There’s a beautiful new way to explore the best that Cape Point has to offer.
Launched right on the cusp of Tourism Month, there is now a free audio tour for intrepid explorers of the furtherest south.
It is simple, easy to use, and works its own charm into the already iconic surrounds.
The idea has taken roughly 18 months to germinate, from the idea form, to the free – and speedily downloadable VoiceMap app.
This works by tracking your path on GPS and – punctuated by perfect silences for you to breath in the fresh air and take in the sights – offers you a range of stories about the area, the fauna and flora, the history and the people who have a hand in maintaining the integrity of this landscape.
It is a light way of adding a new dimension to your exploration; either as a lone soul on a leisurely stroll to the lighthouse at the top, or as a family or group of travellers.
Best yet? It doesn’t replace the long-established guides who have been sharing secrets of the site for years. The stories that the audio tour shares are different to those that the guides tell, the two are actually perfect accompaniments; the silences between the audio tour stories provide time for conversation along the way, or contemplative silence.
It is easy too: simply download the tour before you leave home or your hotel, and, once there, plug in your earphones and push play.
For those of you who, are put off by advertisement-like prattle and overly sparkly upbeat voices, you are hereby invited to heave a sigh of relief. In the long list of voices and stories, only one was a little overzealous, even if well intentioned. The rest were perfectly natural, well modulated and pleasant speaking voices.
Audio stories have been gathered from locals, either residents or professionals, whose words can add to the visual experience.
There are stories about the Cape of Horns – how the Bontebok were nurtured from almost extinction to a healthy number on the reserve. There are stories about the lighthouses, and, of course, the tour would not be complete without a Cape of Storms story… but there are also stories about early migrants and about the funicular and ghostships.
The Cape Point has two tours on the app: riding the Flying Dutchman Funicular up, the Quick Tour leads you around the various top lookout points and up the steps to the old lighthouse, before heading back down the funicular; while the Full Tour meanders along the path to the top viewing points, up to the old lighthouse, down the lighthouse keeper’s walk and returns to the parking lot by the funicular.
On Wednesday, August 31, I was captivated by the synchronistic arrival at certain points with the voice, and a new story. It added a real depth to the experience, and between these points, I could either wander in silence or exchange some words along the way.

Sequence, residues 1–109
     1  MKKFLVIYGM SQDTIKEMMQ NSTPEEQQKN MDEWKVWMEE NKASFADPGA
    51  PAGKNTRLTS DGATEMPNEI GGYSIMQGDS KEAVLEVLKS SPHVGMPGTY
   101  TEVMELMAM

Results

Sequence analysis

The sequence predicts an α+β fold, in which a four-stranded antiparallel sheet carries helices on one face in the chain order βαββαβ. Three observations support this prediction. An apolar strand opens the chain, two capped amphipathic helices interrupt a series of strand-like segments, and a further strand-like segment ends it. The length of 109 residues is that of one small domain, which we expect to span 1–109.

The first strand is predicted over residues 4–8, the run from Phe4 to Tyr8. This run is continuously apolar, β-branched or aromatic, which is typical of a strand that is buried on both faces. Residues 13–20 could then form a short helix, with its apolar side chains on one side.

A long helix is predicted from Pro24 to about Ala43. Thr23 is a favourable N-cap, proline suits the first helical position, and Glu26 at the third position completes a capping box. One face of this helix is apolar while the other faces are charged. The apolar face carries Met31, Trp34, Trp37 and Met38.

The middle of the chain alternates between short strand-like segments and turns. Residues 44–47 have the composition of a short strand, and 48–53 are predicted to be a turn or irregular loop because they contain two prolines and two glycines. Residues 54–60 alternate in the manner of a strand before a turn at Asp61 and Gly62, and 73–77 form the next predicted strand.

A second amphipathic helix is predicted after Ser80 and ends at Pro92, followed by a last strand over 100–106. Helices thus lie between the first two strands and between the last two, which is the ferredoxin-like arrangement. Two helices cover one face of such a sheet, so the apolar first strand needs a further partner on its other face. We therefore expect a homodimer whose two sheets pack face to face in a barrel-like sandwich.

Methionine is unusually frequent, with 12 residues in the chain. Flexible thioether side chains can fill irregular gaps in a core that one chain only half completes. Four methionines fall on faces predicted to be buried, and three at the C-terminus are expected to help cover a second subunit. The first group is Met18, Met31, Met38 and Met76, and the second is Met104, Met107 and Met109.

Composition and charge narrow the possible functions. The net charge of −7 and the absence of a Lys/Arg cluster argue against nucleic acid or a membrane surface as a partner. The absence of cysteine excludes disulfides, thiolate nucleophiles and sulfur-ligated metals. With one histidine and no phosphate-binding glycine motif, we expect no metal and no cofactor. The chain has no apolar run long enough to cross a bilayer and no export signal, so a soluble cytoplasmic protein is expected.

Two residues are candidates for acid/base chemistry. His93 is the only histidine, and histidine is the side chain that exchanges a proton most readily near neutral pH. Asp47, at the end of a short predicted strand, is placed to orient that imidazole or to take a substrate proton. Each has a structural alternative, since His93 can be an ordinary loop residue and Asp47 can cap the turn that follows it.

Also good to know, that by hitting the “Play Anyway” option you can listen to the tour even when you are not on the site.
“We are delighted at how the new audio tour enhances our visitors’ experience at Cape Point,” says Judiet Barnes, marketing manager of Cape Point Partnership. “The audio tour is mainly targeted at our self-drive visitors who aren’t accompanied by a tour guide. However it has been crafted to enhance all visits, even for those traveling in large tour groups.”
Ian Manley, CEO and co-founder of VoiceMap, says that free tours are sponsored by VoiceMap’s partners and that Table Mountain Cableway has a tour on top of one of the world’s seven natural wonders.
“Our other tours are published by independent storytellers who decide on a price themselves. This allows us to release a new walk with a new perspective every few days – in more than 60 cities across the world,” he says.
“Some stories are fictional with immersive soundscapes, others are by bestselling authors or conservational activists – and all of them are by storytellers who are passionate about their craft and the tour’s setting.”
He describes the tours as being like “podcasts that move with you to automatically tell stories about what you’re seeing in front of you”.
He says VoiceMap is also an open publishing platform that anybody can use to create a tour.
If the walk to the lighthouse seems a bit steep, access to the historical lighthouse, completed in 1859 and standing at 238m above sea-level, is gained by the Flying Dutchman funicular.
Its name is in memory of the Flying Dutchman ghost ship, rumoured to haunt the Cape Point waters. Oh – that’s a great story too. Don’t scoff until you’ve heard it.
Download the app for free from either Apple or Google Play App stores.
For more information visit www.capepoint.co.za or call the information centre on 021 789010/11.
* Because the signal in the park fluctuates, it is best to complete all downloads before arriving at Cape Point. South African citizens have free access to Cape Point during South African National Parks Week, from Monday September 12 to Saturday September 17; a perfect chance to try out the VoiceMap app.